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business is mainly to iron off the carriages and sleighs made by the wheelwrights; also, to repair the tools for the quarrymen, and such other repairs as is needed about the Prison.
The Coopering department is yet continued, but it is the opinion of the undersigned, that, inasmuch as the burning of Lime in the Prison yard is discontinued, that of manufacturing of Lime casks should also be discontinued perhaps as soon as the stock on hand is used up; as Lime casks are frequently hauled to this market and sold for one half of what they will cost the State to manufacture them.
Although the convicts in this department are generally invalids, and unable to do such business as is carried on in the Prison, yet the materials for making the casks are worth more before it is made into casks, than they are sold for, many times, after delivered in market.
When the undersigned took charge of the Institution in April last, the whole amount of stock then on hand, as per Commissioners' Report, was $9,554 28, including tools and stock, although appraised lower than it was last fall, or December 1838. Yet it was appraised for as much as it was probably worth. The Inspectors have appraised the stock on hand, much lower than it was appraised last Spring, and I think they have called it about what it is worth to the State. Yet this difference in
appraisals, will show the expenditures during the eight months last past, more than they really are, by the difference of the two appraisals, of $400; and I believe the Inspectors will mention the fact in their Report.
The Inspectors have so arranged their Report, as that it will show what part of the stock on hand is tools, and what part is manufactured and unmanufactured articles. It has been usual heretofore, for the Inspectors to call the property on hand, stock and tools, not designating what part to each; but by the present arrangement, the Legislature will understand what portion of the whole amount is available.
I feel it my duty to state to the Legislature, that the Prison yard fence is getting much out of repair, and must of necessity be rebuilt in the course of two or three years. If it should be rebuilt with stone, I would suggest the propriety of making a beginning immediately, so far as to let the Prison team and such of the convicts work upon it as could with safety be trusted outside of the yard; by so doing, the business could be very much forwarded, as the foundation could be laid with the refuse rock which we are obliged to take out of the quarry almost daily. I think a small portion of the fence could be built yearly, and much of it with the labor of the convicts, much cheaper to the State than to build it all at one time. If the finances of the State were in a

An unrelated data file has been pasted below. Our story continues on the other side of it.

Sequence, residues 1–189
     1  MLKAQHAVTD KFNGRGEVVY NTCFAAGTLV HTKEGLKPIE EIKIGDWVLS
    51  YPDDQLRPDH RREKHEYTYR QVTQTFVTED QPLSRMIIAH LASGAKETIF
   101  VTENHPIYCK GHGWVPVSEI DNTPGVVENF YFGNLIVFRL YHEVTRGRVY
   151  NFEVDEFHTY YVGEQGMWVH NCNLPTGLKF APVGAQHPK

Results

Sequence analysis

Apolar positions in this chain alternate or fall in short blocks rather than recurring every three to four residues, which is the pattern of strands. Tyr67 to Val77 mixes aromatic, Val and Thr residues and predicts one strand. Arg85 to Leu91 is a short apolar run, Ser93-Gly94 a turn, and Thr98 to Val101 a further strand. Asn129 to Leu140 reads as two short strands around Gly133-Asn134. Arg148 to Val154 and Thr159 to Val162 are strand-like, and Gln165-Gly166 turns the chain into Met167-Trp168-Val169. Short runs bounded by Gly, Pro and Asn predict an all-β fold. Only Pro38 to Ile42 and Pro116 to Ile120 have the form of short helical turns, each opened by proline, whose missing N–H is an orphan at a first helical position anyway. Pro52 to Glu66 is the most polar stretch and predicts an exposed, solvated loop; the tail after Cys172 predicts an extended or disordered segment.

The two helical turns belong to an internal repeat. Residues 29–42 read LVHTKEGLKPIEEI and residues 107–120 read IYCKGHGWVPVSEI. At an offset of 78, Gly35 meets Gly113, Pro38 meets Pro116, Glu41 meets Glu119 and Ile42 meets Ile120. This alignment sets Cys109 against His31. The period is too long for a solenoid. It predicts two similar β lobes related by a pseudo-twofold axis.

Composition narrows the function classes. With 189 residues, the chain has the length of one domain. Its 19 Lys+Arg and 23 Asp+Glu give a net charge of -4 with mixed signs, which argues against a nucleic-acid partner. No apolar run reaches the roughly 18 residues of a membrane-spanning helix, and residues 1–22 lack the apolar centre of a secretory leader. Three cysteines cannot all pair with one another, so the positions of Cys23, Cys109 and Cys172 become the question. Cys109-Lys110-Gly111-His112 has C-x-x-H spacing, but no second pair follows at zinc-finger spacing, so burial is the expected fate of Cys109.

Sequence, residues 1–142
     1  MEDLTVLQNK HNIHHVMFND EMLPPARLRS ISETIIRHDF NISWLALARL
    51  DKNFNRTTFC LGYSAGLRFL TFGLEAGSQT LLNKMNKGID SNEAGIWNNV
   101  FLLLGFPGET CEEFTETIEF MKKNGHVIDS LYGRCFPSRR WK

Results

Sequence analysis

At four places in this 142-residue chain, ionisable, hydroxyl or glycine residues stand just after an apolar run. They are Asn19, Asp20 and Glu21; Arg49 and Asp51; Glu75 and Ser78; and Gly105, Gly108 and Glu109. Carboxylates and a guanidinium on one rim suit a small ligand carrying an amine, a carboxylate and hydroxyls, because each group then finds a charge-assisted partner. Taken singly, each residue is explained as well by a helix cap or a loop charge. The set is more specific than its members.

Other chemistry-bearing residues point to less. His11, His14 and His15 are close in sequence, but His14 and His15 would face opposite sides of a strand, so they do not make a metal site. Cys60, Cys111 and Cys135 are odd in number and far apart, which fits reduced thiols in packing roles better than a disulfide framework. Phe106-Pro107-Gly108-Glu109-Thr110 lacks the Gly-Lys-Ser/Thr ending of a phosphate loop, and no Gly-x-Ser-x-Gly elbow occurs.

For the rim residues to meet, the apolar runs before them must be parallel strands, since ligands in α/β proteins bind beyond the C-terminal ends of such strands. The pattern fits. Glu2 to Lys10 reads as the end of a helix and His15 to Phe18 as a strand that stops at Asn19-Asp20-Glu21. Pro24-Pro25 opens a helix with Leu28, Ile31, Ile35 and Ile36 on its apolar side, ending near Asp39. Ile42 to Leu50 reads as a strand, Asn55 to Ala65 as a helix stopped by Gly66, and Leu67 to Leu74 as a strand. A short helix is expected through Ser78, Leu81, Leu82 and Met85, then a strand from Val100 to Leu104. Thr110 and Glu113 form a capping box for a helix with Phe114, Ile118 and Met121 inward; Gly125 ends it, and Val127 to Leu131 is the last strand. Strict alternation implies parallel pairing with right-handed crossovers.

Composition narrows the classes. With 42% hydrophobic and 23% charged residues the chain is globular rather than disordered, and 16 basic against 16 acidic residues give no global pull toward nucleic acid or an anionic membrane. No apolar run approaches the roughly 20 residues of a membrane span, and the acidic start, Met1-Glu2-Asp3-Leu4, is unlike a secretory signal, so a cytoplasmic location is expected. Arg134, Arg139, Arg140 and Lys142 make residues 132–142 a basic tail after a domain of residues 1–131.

good condition, I would recommend the remodeling of the Prison and Cells. The Cells are inconvenient, uncomfortable and unhandy, as there is now no means by which they can be warmed.
I flatter myself, gentlemen, that the condition of the Prison is now as good as it ever has been. Although I have been in charge but a part of a year, and having been obliged to have an account of stock taken twice in the short time, which you must be aware retards the progress of the business much; notwithstanding these embarrassments, the Institution has very nearly paid its way, including all the officers' salaries, except the Warden, as the Inspec- · tors' Report will show, to which I would refer you. I have the vanity to suppose, at the end of another year, we shall be able to show a small dividend to the State, unless some unforseen accident should befall us, or we are obliged to make more repairs than we have the present year.
I am incliued to believe that we shall not need an appropriation this year, further than to pay the officers' salaries, should those indebted pay promptly, as it is believed they will.
I am gentlemen,
With high respect,
Your ob't servant.
BENJAMIN CARR, Warden.
Thomaston, January 4th, 1840.
LINCOLN, ss.-JANUARY 4th, 1840.
BENJAMIN CARR, WARDEN.
Personally appeared BENJAMIN CARR, Warden of the State Prison, and made oath, that to the best of his knowledge and belief, the above account is just and true.
ASA PERKINS, Justice of the Peace.
Number of Convicts, December 31st, 1838, Received since,
Discharged on expiration of sentence, Pardoned since,
Escaped and not retaken,
Remaining December 31st, 1839,
Of the whole number discharged, 92 have been returned on a second commitment. Of the 68 now in Prison, 46 are Americans, 12 Irish, 4 English, 2 Nova Scotians and 4 Mulattoes.